Michael Jordan is perhaps the best basketballer of all time – and half of one of the world’s most profitable partnerships. He’s athletic, talented and driven, but these are traits shared by every professional sportsperson. So, compared to the best, what gave him an almost superhuman ability to stand out?
Jordan isn’t superhuman – he battled nerves like the rest of us. What set him apart was a supreme mastery of self-doubt. He wasted very little time imagining things going wrong and focused all that energy on planning for it to go well. He had such control of this ability, and he could turn almost anything into fuel. Critical feedback? It was catnip. At the mere suggestion, he wasn’t good enough; he could find a new gear and achieve seemingly impossible physical feats.
We’ve heard enough success stories to know what you’re thinking. Good for him. With his incredible stature and talent, a bit of self-belief is easy.
Incredible talent, you say? Are you talking about the guy who got cut from his varsity basketball team for ‘not being good enough’? Jordan’s place in history may now seem inevitable, but he succeeded despite experiencing the kind of setbacks that would make most people quit. Think about all the times you’ve doubted yourself after strong external invalidation of your abilities. Maybe Nat could have been an Olympic swimmer after all. 😉
Positivity is a practice
Recently, Kristen joined fellow Powrsuiter Jodi Willocks at the Wellington launch of consultancy Bastion Shine (yes, please send all the invites our way!). Also on the list were members of the world-champion Black Ferns rugby team. When we say world champion, we mean six-time world champion; these women are good. However, when co-captain Kennedy Simon stood up to speak, she recounted a tough period leading up to the world cup. They’d underperformed on a European tour, and despite overwhelming evidence of their abilities, self-doubt had well and truly embedded itself.
Then they received this challenge: “what if it all goes right?”.
That (plus a lot of internal work!) was enough to change their mindset. And it led to a record-breaking performance that redefined the place of women’s sports in popular culture. Those of us who watched the final still tear up when talking about it, but perhaps instead, we should just tear a leaf out of their book and embrace the mindset that led to their success. Because if they can do it, why not you?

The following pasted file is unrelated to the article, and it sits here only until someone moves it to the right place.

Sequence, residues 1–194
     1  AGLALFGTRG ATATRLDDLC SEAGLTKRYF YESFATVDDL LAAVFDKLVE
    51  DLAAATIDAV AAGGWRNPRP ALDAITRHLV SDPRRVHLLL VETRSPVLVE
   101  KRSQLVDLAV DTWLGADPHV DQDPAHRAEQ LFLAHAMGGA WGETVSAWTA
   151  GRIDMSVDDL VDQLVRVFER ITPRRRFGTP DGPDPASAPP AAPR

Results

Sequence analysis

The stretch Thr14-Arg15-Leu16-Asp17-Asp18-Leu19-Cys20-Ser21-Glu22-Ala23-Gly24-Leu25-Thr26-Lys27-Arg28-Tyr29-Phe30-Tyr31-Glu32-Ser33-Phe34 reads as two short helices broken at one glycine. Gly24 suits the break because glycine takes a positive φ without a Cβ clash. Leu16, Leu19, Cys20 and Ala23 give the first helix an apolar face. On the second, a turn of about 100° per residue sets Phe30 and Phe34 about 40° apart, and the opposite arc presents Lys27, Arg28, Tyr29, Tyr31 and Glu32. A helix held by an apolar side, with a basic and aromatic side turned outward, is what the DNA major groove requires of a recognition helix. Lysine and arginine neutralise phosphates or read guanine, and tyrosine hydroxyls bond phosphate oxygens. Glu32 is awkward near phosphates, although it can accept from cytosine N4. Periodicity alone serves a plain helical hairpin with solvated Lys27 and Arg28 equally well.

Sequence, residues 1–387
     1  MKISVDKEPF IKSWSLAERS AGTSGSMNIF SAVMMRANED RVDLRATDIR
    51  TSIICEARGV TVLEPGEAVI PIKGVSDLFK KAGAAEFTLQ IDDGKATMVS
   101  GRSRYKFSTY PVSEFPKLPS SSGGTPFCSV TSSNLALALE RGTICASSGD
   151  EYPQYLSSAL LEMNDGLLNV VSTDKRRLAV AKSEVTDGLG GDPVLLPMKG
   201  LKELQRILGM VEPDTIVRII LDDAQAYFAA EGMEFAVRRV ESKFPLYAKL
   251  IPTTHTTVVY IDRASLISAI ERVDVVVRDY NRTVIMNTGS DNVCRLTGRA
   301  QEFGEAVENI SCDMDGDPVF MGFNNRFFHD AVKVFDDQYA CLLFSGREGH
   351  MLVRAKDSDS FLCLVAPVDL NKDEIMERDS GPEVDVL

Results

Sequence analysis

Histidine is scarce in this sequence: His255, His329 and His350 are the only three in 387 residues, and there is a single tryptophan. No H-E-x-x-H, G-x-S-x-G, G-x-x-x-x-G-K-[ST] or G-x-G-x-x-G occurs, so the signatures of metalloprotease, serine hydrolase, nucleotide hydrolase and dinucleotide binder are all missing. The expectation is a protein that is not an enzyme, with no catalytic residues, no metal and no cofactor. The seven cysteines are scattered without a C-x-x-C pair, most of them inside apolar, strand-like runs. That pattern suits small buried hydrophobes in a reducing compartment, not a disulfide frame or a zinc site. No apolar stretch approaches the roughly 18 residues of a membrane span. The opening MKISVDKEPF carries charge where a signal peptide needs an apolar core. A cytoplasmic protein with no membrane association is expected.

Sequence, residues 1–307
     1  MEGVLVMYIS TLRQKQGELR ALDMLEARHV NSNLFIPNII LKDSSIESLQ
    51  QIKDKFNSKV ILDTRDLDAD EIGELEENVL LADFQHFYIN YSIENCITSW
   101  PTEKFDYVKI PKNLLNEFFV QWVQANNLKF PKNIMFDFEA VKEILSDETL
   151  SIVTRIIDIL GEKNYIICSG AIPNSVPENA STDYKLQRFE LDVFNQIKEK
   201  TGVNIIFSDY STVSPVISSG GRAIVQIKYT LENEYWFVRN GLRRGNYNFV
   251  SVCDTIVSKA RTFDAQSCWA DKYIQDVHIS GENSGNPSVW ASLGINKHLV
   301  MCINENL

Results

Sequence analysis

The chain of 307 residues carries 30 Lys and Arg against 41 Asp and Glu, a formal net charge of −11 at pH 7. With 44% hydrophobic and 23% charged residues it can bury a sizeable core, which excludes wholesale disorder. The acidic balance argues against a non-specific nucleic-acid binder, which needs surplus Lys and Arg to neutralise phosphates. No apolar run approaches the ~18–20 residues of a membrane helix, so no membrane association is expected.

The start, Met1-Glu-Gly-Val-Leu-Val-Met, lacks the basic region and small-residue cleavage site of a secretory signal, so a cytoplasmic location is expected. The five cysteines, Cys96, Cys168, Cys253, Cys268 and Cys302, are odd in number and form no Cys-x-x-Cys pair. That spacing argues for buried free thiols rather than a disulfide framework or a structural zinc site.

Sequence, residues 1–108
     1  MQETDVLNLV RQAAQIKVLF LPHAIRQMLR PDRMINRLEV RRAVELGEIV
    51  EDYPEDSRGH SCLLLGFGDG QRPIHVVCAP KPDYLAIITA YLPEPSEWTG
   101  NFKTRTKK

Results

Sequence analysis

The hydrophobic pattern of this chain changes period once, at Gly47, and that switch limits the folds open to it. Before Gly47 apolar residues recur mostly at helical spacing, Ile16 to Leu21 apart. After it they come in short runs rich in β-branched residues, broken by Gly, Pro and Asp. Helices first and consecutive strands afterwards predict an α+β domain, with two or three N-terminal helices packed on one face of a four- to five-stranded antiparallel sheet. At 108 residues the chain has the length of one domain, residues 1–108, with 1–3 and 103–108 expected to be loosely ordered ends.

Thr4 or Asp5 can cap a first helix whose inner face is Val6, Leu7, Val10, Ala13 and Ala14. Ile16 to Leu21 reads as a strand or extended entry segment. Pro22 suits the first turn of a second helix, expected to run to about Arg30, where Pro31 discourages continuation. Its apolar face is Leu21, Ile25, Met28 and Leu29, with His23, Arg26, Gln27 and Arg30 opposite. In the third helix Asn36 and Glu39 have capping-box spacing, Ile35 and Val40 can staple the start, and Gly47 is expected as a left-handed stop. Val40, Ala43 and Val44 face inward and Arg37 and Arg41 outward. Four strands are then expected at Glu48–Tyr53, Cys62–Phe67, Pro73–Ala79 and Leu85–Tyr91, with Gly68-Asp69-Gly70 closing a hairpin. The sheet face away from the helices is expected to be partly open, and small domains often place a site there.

Get your hopes up!
Common knowledge (and more than a few studies) recognises that success in sports is 90% mental. It’s absurd how little we apply that philosophy to our own careers, and even more absurd how often we default to doing the exact opposite.
Thankfully, failure no longer correlates with death, but our brains don’t seem to have caught up. What may have served us well when looking into a prehistoric predator’s face is limiting when facing a career
challenge opportunity. Even with very little on the line, women tend to shy away from situations that put us at risk of failing. We can default to negativity when applying for a new role, trying a new sport, or learning about topics like finance. We overanalyse all the ways things might go wrong but ignore how it could go well.
Here’s a wee truth bomb for you; when you want something, your hopes are already up. Planning for failure doesn’t protect you from the pain of it; it will still hurt. Why put the time, effort and energy behind the outcome you want the least? When we put it like that, it does feel counterintuitive, doesn’t it?
We talk a lot about having a growth mindset these days. Most of us now believe that our abilities aren’t fixed, and that we can learn and improve. Let’s go one step further and imagine the results. Imagine what that life will look like if it all goes right.
Then go ahead and do it.
30 second action:
Think back to when you took a risk. Remember how you felt at the time? How did it turn out in the end? What did you learn from it?
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